You need a genome that isn't too complex, which suggests something microbial. You also need a genome that is well-characterised : either fully- sequenced, or with lots of sequenced genes to allow you to design primers. And finally you need a readily accessible source of material for DNA extraction.
I would suggest either dried yeast, as a source of Saccharomyces cerevisiae DNA, or live yoghurt as a source of DNA from Lactobacilli. You could even try culturing something from yoghurt to get pure bacterial colonies: since these would be from a food source there should be minimal risk.
You might be tempted by one of the traditional plant sources of DNA (e.g. onions) , but it can be tricky to avoid copurifying polysaccharides which inhibit DNA-related enzymes.
Finally, if you do culture some bacteria, or even if you use dried yeast, you probably wouldn't need to actually prepare DNA at all. PCR direct from bacterial cells is widely used - the 95 C step will release sufficient DNA.
added later in response to comment by OP
I chose to follow up on Lactobacillus delbrueckii subsp. bulgaricus because I found this coming up over and over again with reference to yoghurt. If you were to test a range of yoghurts I think you could be fairly confident that this would be present.
There are 5 published genomes for different strains of the species Lactobacillus delbrueckii including subspecies bulgaricus (various strains) and lactis. How different are they? I decided to look at one gene, and lactate dehydrogenase seemed like a logical choice (it produces the lactic acid).
The complete nucleotide sequence for the lactate dehydrogenase gene from Lactobacillus delbrueckii subsp. bulgaricus ATCC 11842 is here. If you run a BLAST from that page limiting the search to Lactobacilli (taxid 1578) you do indeed find hits to the gene from several other genomes. Here is a representative selection from the sequence alignment to the least similar of the hits:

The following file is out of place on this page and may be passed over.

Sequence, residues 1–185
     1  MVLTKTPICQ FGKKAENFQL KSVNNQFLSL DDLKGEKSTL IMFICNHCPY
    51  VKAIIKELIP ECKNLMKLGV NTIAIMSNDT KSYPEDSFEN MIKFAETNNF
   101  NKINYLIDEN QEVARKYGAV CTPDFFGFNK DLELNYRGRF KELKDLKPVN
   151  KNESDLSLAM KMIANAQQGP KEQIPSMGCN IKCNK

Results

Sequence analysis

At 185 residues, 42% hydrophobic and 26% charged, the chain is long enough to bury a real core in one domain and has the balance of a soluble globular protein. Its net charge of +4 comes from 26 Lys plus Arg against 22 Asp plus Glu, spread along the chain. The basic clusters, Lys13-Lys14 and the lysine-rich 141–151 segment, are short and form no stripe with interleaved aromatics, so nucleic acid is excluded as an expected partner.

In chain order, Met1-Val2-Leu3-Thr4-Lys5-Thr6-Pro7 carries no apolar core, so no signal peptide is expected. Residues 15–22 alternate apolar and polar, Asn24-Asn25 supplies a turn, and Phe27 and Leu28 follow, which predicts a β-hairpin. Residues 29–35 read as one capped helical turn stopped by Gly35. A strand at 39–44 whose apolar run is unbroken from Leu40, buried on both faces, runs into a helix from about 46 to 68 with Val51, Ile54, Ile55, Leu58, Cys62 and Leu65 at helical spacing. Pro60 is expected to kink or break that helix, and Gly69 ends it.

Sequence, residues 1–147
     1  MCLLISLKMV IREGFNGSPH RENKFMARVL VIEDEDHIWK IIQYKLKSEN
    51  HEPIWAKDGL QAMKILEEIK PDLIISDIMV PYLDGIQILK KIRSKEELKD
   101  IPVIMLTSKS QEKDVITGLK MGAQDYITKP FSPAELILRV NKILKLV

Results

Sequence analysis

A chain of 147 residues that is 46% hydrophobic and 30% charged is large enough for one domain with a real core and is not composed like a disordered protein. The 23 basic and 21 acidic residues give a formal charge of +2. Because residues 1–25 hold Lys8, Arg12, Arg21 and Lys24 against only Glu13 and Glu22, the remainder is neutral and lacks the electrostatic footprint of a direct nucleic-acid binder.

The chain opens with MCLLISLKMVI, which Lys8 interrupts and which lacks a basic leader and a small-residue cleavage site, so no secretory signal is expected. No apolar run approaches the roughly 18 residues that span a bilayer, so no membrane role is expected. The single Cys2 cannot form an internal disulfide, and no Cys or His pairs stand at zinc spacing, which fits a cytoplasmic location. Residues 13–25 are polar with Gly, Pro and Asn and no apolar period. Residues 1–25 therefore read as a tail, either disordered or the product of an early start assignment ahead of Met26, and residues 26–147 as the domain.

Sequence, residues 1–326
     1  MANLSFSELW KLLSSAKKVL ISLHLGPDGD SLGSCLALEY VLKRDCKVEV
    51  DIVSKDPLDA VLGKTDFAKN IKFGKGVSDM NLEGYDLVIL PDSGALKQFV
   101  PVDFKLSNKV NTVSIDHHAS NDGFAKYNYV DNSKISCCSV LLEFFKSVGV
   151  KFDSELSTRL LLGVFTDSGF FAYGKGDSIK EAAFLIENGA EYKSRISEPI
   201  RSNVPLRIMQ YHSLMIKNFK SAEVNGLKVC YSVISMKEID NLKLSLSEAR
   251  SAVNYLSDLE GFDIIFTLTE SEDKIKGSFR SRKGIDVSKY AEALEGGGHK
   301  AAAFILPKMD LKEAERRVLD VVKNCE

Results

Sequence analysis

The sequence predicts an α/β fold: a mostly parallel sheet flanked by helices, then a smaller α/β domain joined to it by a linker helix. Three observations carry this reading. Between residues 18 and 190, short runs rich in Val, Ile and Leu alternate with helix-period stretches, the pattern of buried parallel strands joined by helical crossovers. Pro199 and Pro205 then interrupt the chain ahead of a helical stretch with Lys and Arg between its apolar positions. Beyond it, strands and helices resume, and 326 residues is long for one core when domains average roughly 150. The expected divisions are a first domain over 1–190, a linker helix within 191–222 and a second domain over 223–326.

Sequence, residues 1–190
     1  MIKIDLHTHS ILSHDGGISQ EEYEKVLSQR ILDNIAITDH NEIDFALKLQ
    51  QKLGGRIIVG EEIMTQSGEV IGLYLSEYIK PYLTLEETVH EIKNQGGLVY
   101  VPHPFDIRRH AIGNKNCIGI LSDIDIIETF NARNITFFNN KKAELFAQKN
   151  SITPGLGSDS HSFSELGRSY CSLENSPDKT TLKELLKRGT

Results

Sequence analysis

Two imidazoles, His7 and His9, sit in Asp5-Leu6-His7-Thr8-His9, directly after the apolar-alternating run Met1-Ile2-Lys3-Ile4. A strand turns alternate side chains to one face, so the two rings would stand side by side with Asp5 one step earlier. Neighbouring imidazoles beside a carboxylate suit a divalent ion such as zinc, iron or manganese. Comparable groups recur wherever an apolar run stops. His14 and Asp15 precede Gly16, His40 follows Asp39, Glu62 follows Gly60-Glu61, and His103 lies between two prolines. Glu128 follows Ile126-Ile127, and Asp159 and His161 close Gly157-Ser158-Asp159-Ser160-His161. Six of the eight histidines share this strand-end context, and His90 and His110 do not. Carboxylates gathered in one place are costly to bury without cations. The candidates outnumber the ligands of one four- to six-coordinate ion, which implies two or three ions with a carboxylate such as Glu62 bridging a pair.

Query 99766 CCTTCCACGCTTCTGGAGGTACTGAATTCGCCCTGGCTCAACTGGGCAACGATGCCGGTA 99825
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Sbjct 90616 CCTTCCACGCTTCTGAAGGTACTGAATTCGCCCTGGCCCAACTGGGCAACGATGCCGGTA 90675
Query 99826 TGTACGGTGCCGTTAAGATGGTTCTGTAATTTTGAATGTAAAAAAGCACCAGGCTTTTAA 99885
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Sbjct 90676 TGTACGGTGCCGTTAAGATGGTTCTGTAATTTTGAATATAAAAAAGCACCAGACTTTTAA 90735
Query 99886 AGTCTGGTGCtttttttGTTTATCCTAAAGAGTCCAGGGTTGCCTTTATCGTCGCGGCTG 99945
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Sbjct 90736 AGTCTGGTGCTTATTTTGTTTATTCTAAAGAGTCCAGGGTTGCCTTCATCGTCGCGGCTG 90795
Query 99946 AGGCCCGCATCTTGGCCAATTCGCTGTCATTTAACGGCAATTCCAGTACGTGGCTGATCC 100005
||||| |||||||||||||||||||||||||||||||||||||||| ||||||||||| |
Sbjct 90796 AGGCCTGCATCTTGGCCAATTCGCTGTCATTTAACGGCAATTCCAGCACGTGGCTGATTC 90855
Query 100006 CTTGTCCGTTGATGATGGCCAGGGTGCCCAGGTAGATCTCATCCTTGATCCCGTATTCCC 100065
|||| |||||||||||||||||||||||||| ||||||||||||||||||||||||||||
Sbjct 90856 CTTGCCCGTTGATGATGGCCAGGGTGCCCAGATAGATCTCATCCTTGATCCCGTATTCCC 90915
Query 100066 CGTGCAATGGTGCGGAAAGAGGCAGGGCCAGGTCGTTGTTTTCCAAAATGGCCGTCACGA 100125
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Sbjct 90916 CGTGCAATGGCGCGGAAAGAGGCAGGGCCAGGTCGTTGTTTTCCAAAATGGCCGCCACGA 90975
Query 100126 TCTTGGCCAGCATCATGGCCACGCCATAGTAGGTTGCGCCCTTTTTGACGATAATCTCGC 100185
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Sbjct 90976 TCTTGGCCAGCATCATGGCCACGCCATAGTAGGTCGCGCCCTTTTTGCCGATGATCTCGC 91035
As you can see, there are some differences, but there should be no problem designing primers matching both (again - this is just one part of the gene). Obviously you might wish to make an alignment for all 5 sequences, but I got the impression that at least some of the others were identical to the query, even though they are from different subspecies. These are very closely-related organisms.
In terms of your experiment, I suggest that you plan to use a range of yoghurts and/or starters as the source of template. You could even mix them, if there are constraints on your set-up.